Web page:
Tag Archives: QL

What is the distribution of global income?

The Our World in Data article How much economic growth is necessary to reduce global poverty by Max Roser (2/15/2021) includes the graph copied here. Note that all countries incomes are adjusted for price differences so it is fair comparison from county to country. It is easy to forget how much wealthier the U.S. is compared to almost all other countries.

The reason why such substantial economic growth is necessary for reducing global poverty is that the average income in many countries in the world is very low: 82% of the world population live in countries where the mean income is less than $20 per day.

There are three other graphs in the article, which is suitable for a QL based course. There isn’t data associated with these particular graphs but there are links at the top of the article with related economic data.

What did the 116th Congress do more of?

From the Pew article, Though not especially productive in passing bills, the 116th Congress set new marks for social media use, by Aaron Smith and Sono Shah (1/25/2021):

Voting members of the 116th Congress collectively produced more than 2.2 million tweets and Facebook posts in 2019 and 2020. That means the median member of Congress produced more than 3,000 posts across their profiles on the two social media platforms during this span.

The 3000 sound like a lot but amounts to only about 8 posts a day and I have to imagine that some of it is done by aides.

There are two other charts in the article and a detailed methodology section. There is also a link to a related article which includes the number of laws passed from the 101st through 116th congress.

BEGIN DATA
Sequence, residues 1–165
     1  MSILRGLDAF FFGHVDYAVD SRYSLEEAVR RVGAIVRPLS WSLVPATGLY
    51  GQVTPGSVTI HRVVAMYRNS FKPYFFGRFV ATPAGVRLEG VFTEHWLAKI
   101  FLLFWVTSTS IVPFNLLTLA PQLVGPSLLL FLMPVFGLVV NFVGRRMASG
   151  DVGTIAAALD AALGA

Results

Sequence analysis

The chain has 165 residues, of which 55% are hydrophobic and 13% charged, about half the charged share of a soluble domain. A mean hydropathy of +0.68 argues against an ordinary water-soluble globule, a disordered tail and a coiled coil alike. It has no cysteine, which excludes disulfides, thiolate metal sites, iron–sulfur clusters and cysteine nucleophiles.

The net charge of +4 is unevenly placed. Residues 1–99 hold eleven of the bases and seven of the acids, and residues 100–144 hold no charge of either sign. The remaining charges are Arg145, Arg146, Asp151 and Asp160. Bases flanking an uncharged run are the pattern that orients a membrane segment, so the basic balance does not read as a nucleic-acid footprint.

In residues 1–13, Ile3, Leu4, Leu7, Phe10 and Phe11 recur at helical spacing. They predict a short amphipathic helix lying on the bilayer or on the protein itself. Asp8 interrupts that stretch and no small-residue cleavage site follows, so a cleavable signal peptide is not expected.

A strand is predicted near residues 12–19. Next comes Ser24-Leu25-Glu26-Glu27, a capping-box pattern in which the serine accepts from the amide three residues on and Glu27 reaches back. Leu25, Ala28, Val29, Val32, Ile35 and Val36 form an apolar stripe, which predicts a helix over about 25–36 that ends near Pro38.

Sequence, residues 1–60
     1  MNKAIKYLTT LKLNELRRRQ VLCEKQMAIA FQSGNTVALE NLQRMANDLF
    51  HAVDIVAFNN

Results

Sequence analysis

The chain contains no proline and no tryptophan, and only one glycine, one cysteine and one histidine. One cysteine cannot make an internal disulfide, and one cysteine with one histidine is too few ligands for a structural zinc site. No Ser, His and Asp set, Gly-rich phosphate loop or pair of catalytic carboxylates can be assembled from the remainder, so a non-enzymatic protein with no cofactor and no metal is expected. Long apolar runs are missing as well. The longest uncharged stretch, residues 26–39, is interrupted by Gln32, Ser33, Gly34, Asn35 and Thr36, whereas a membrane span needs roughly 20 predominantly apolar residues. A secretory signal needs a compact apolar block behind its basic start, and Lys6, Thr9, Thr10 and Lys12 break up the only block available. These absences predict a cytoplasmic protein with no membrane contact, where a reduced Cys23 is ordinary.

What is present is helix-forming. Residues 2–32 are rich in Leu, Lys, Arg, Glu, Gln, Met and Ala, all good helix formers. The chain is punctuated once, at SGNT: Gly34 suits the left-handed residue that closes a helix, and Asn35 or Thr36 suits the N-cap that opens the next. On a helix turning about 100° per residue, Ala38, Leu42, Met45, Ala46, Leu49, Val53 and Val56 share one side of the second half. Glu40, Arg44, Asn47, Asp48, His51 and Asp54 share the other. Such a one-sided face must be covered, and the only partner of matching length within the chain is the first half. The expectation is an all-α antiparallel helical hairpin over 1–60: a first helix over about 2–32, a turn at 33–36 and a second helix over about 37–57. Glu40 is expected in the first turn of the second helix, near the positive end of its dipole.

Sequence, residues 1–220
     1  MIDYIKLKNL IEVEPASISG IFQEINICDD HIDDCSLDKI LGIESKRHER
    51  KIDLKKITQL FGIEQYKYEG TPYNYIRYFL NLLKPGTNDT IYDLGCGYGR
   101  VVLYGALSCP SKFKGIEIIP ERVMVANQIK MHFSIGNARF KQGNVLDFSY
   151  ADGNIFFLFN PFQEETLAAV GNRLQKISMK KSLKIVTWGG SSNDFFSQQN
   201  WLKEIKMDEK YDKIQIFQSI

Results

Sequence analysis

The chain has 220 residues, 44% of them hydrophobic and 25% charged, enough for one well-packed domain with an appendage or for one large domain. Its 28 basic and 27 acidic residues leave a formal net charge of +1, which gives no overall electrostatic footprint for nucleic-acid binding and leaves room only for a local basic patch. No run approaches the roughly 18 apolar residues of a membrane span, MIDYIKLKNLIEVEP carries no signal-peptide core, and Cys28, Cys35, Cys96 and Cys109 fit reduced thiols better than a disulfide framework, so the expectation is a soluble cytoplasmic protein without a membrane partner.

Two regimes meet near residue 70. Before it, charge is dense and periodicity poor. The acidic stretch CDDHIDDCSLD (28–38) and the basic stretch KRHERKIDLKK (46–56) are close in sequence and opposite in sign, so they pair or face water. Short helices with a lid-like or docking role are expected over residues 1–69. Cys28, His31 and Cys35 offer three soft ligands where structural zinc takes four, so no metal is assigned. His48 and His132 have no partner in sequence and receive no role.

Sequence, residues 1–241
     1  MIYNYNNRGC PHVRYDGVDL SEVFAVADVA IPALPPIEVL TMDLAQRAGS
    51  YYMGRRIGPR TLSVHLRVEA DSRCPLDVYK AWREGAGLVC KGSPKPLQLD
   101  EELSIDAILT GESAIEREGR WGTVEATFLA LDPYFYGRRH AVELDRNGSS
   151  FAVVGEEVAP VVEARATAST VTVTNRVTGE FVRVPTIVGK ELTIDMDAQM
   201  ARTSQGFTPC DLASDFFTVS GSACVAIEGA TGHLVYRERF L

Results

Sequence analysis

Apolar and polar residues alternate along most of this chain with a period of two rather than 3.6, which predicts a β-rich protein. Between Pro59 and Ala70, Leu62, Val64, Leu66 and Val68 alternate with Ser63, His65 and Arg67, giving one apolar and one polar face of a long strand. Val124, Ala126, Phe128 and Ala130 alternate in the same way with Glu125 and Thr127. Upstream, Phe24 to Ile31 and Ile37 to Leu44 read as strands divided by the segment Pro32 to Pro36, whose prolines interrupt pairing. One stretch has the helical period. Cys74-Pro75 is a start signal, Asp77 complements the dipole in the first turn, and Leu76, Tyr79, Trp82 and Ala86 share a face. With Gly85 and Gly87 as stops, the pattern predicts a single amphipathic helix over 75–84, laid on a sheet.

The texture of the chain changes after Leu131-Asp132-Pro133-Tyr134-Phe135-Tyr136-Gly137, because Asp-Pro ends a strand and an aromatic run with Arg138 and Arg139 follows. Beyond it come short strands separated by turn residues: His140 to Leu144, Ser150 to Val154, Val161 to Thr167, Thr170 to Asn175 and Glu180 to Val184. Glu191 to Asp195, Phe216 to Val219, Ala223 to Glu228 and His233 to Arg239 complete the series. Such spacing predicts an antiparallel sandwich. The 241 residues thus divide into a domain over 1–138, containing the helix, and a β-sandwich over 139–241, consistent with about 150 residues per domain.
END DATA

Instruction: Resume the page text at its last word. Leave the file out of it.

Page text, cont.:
Which 6 states together use more than half the jet fuel?

The eia article Six states accounted for more than half of U.S. jet fuel consumption in 2019 by Mickey Francis (1/27/2021) provides the graph here. Now, this isn’t surprising as CA, TX, FL, and NY are the four most populous states in that order. IL comes in 6 and GA 8. The article essentially notes this in the last line here:

In 2019, more than half of the jet fuel consumed in the United States was consumed in California, Texas, Florida, New York, Illinois, and Georgia, according to the U.S. Energy Information Administration’s (EIA) State Energy Data System. These states are home to many of the nation’s busiest airports and headquarters for many of the largest U.S. airlines. The six states are also among the most populous, accounting for about 40% of the U.S. population in 2019.

These six states represent 40% of the population but use 53% of the jet fuel and so there is a discrepancy. What accounts for the difference? For example, these 6 states account for about 44% of the GDP in the U.S. (BEA page 6), which closes the gap some. A stats project in the making. The eia page has links to their data.

Is this chart misleading?

The U.S. Bureau of Labor Statistics posts the chart (partially) copied here and last updated Sept 2020. An initial look at the graph and we see that the top 5 each have a median pay higher than the median pay in the U.S. (about $35k), but this is based on growth rate. On the other hand, if we look at the number of jobs the top 5 here are predicted to create, Table 1.3 from the BLS, we get 152.2 thousand jobs.  The sixth job on this list, home health and personal care aides, has a below median pay but is predicted to create 1,159.5 thousand jobs. There are 30 jobs listed in table 1.3 and home health and personal care aides represents about 45% of predicted new jobs created on this table. One can download the data in table 1.3 in an xlsx file.

How many people are employed in manufacturing?

Elections seem to bring out various statements about manufacturing employment in the U.S. So, here is a review of manufacturing in the U.S. The graph here was created using FRED, which is a great resource for economic data. As a percent of all employees, manufacturing peaked in the early 1940s at 38% and has been declining ever since to now below 9%. As a total number of workers the peak was in 1979 at 19,428,00 people and bottomed out at the end of the great recession at 11,529,00 people. The numbers have recovered slightly to 12,839,00 people in 2019, but this is still shy of the 13,403,00 people in 2008 before the recession. Kevin Drum has a point on fact checking related to this in his post Fact of the Day: Manufacturing as a % of the Workforce, 1985-2020.